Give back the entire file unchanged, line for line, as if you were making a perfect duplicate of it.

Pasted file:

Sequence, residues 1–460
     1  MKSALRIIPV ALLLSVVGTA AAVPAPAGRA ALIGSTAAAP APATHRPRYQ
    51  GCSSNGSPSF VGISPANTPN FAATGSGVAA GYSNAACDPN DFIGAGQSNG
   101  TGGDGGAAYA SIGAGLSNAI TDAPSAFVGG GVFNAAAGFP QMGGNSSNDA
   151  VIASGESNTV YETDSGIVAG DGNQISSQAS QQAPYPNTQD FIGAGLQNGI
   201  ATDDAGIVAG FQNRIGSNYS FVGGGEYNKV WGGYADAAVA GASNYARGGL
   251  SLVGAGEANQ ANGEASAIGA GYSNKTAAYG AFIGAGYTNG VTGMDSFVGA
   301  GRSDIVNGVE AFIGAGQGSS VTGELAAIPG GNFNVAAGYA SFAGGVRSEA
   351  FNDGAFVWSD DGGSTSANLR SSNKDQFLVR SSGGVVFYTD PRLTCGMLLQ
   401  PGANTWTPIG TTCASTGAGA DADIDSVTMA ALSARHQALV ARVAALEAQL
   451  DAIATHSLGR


Sequence, residues 1–460
     1  MKSALRIIPV ALLLSVVGTA AAVPAPAGRA ALIGSTAAAP APATHRPRYQ
    51  GCSSNGSPSF VGISPANTPN FAATGSGVAA GYSNAACDPN DFIGAGQSNG
   101  TGGDGGAAYA SIGAGLSNAI TDAPSAFVGG GVFNAAAGFP QMGGNSSNDA
   151  VIASGESNTV YETDSGIVAG DGNQISSQAS QQAPYPNTQD FIGAGLQNGI
   201  ATDDAGIVAG FQNRIGSNYS FVGGGEYNKV WGGYADAAVA GASNYARGGL
   251  SLVGAGEANQ ANGEASAIGA GYSNKTAAYG AFIGAGYTNG VTGMDSFVGA
   301  GRSDIVNGVE AFIGAGQGSS VTGELAAIPG GNFNVAAGYA SFAGGVRSEA
   351  FNDGAFVWSD DGGSTSANLR SSNKDQFLVR SSGGVVFYTD PRLTCGMLLQ
   401  PGANTWTPIG TTCASTGAGA DADIDSVTMA ALSARHQALV ARVAALEAQL
   451  DAIATHSLGR